Manchester United

Why Sir Alex Would Make Lucas Moura A Genuine World Beater

In an uncharacteristic move, Alex Ferguson has had a massive £29 million bid for Sao Paolo star Lucas Moura rejected.

With Lucas set to feature regularly in the Olympics, Man Utd must be hoping they can seal a deal for the 19 year old as soon as possible, before his profile rises on the international scene.

United are in desperate need of some dynamism in central midfield. Giggs and Scholes, despite excellent seasons last campaign, cannot be expected to fill the central midfield on a permanent basis. Their declining mobility means that despite being useful, their main goal is to spread the ball out wide – sidestepping their inability to drive forward themselves.

Nani, Valencia and Young made a combined 30 assists last season, with Giggs making 8 and Rooney just 4; the centre of the pitch is not an area United rely on for goals, and this needs to change. Relying on wingers to this extent makes them one-dimensional,  as shown in the 1-0 defeat to Wigan in March.

With a surprise 3-5-2 formation, Martinez’s wing-back nullified the threat of Valencia and Young, effectively stifling United’s only source of attacking threat. Ferguson will know that he needs to add some direct attacking thrust to his central midfield; this is where Lucas Moura comes in.

Lucas is a strong player, who loves to dribble with the ball through the middle of the pitch, using his excellent ball control and stocky build to drive through opposition defences. At only 19, he would initially make a great impact player at United, where he could offer the directness they crave when United find themselves ‘found out’ (such as the Wigan game last year).

The main problem with the Brazil starlet is his attitude. He is seen as unruly by those that manage him, infuriating coaches and fans alike with his selfishness and poor decision-making. His propensity to dribble through the centre when better options are available have led some critics to compare Lucas to Denilson and Lulinha; players that were billed highly but never lived up to their potential.

It is for this reason that a move to Man Utd would be so greatly in the player’s favour. Alex Ferguson is arguably the best manager in the world at individually coaching his players. Anderson, another expensive signing from Brazil, may not have ever reached the heights expected of him, but the way in which he has been transformed at Old Trafford speaks volumes about Ferguson’s ability to cage the expressiveness of Brazilian youngsters.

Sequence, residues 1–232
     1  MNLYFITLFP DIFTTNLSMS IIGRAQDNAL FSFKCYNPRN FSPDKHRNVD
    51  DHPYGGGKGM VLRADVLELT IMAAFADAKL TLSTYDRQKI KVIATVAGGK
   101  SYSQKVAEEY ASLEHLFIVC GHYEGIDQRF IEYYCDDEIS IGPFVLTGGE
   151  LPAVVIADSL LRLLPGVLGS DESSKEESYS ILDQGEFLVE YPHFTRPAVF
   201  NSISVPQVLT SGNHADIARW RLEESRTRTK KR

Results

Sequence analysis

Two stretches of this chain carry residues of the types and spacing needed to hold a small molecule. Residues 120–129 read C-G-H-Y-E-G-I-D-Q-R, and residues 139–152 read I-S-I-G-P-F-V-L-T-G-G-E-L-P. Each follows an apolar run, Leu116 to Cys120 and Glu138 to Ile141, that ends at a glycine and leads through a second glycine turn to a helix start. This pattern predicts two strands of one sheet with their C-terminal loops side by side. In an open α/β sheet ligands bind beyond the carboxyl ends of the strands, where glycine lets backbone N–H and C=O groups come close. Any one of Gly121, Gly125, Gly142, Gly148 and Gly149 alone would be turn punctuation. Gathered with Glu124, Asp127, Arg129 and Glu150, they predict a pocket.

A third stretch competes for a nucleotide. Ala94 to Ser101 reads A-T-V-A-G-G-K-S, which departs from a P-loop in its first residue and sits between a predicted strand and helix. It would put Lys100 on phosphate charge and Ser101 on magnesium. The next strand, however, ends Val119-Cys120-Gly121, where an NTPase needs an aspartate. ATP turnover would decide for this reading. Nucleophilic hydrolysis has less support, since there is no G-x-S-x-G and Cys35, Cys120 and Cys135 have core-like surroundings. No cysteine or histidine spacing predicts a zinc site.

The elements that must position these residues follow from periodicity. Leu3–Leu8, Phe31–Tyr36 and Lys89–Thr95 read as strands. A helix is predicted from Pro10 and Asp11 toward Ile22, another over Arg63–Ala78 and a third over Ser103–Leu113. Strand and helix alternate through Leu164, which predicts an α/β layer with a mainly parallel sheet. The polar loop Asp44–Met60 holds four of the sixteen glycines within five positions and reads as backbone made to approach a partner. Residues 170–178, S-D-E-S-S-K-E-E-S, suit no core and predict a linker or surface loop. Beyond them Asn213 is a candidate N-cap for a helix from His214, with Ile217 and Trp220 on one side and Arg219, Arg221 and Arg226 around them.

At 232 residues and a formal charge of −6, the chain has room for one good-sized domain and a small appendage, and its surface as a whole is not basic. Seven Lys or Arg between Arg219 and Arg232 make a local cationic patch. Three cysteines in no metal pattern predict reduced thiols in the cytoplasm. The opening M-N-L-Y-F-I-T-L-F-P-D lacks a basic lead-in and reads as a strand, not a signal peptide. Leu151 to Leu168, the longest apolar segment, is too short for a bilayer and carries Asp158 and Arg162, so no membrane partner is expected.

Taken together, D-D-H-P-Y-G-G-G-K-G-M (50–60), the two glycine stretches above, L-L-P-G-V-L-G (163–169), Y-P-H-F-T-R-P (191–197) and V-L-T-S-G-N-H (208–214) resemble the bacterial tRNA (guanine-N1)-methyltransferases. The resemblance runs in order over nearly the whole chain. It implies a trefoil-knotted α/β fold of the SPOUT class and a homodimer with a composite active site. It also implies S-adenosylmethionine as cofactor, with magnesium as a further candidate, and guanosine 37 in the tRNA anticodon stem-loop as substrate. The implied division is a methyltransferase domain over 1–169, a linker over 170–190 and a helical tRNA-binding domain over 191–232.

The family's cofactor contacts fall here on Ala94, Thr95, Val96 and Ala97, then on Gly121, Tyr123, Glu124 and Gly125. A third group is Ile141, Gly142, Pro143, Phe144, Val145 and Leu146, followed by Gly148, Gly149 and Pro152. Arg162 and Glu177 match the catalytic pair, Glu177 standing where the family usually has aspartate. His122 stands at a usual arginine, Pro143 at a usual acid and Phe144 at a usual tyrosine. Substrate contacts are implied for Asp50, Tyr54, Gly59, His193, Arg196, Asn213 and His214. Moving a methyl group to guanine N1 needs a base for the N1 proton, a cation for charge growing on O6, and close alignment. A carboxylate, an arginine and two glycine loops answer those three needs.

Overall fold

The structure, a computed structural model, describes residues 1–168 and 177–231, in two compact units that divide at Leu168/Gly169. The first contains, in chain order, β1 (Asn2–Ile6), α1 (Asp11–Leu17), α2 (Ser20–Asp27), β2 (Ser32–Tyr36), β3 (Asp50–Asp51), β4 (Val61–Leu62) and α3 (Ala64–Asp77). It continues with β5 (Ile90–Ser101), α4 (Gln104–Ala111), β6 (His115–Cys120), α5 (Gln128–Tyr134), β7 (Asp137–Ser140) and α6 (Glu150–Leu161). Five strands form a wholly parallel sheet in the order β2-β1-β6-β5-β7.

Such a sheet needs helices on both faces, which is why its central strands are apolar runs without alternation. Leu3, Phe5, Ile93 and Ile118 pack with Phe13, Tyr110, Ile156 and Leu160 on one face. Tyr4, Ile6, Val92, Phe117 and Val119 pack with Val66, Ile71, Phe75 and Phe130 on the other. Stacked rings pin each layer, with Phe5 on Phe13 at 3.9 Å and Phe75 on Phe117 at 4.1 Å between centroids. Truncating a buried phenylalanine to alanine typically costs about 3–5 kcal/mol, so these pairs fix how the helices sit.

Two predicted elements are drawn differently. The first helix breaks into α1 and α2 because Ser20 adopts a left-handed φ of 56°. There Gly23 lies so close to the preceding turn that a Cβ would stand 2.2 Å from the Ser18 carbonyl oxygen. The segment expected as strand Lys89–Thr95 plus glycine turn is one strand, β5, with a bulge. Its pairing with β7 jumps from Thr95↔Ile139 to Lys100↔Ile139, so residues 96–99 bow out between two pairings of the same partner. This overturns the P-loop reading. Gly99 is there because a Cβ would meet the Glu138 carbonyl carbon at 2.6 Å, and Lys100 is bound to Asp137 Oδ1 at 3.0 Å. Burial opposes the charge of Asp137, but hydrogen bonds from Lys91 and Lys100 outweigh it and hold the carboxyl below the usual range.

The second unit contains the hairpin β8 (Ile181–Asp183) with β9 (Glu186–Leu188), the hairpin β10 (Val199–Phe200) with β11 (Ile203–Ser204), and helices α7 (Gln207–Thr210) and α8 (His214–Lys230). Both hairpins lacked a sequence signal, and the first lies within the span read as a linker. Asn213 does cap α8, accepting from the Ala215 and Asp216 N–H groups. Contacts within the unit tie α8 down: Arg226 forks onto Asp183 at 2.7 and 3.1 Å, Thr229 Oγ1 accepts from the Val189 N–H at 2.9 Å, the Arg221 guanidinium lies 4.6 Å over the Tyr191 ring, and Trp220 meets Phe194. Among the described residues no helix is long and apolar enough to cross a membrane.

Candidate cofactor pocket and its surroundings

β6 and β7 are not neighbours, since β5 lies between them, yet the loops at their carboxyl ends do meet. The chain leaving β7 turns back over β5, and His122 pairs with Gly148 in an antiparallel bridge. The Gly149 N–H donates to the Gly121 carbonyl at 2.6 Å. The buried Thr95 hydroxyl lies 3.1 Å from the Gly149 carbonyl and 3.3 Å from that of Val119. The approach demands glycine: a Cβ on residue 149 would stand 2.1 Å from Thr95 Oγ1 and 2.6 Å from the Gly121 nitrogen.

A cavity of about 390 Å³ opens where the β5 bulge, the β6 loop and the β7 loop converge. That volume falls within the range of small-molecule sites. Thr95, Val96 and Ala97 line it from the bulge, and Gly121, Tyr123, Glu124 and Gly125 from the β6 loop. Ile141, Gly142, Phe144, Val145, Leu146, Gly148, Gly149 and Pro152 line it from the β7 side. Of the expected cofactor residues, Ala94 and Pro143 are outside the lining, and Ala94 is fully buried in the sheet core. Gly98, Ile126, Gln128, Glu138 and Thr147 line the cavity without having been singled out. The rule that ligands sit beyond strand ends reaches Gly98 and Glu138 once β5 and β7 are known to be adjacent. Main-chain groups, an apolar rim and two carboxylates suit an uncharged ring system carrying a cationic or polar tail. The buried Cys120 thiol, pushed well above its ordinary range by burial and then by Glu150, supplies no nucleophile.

Initially signing as an attacking midfielder with pace and dribbling skills (not at all dissimilar to Lucas Moura) Anderson has been converted into a defensive midfielder, using his vision and strength to play a more conservative role in the side. However, many critics have claimed that Anderson has lost his flair, suggesting the youngster has virtually forgotten his technical skills and been diminished into a ball-winning midfielder. It will be interesting to see what Ferguson does with Lucas.

Another famous example of Ferguson instilling his wisdom on untamed talent is Cristiano Ronaldo. Like Lucas, Ronaldo was criticised for his unnecessary   skill moves and selfishness, which were eventually beaten out of him by the Man Utd coaching team. It is the hard schooling of Ferguson that an unruly player like Lucas Moura craves.

The amount of money he is willing to pay for Lucas suggests a confidence in his ability to make him into a world star; it is his strength and determination that separate him from the majority of the young Brazilian’s that grab headlines in their youth before fading away. His power also suggests an ability to adapt to the English league.

Although representing the exact player type United need to help them next season, it is unlikely he would feature regularly, as a 19 year old new to the country. In time however, he has all the makings to emerge from Man Utd as the one of the world’s best players.

Alex Keble is the editor of www.thechalkboard.org.uk, a website that gives in-depth tactical analysis of the weekend’s football action, offering match reports with statistics, diagrams, and intellectual insight into the modern game. .

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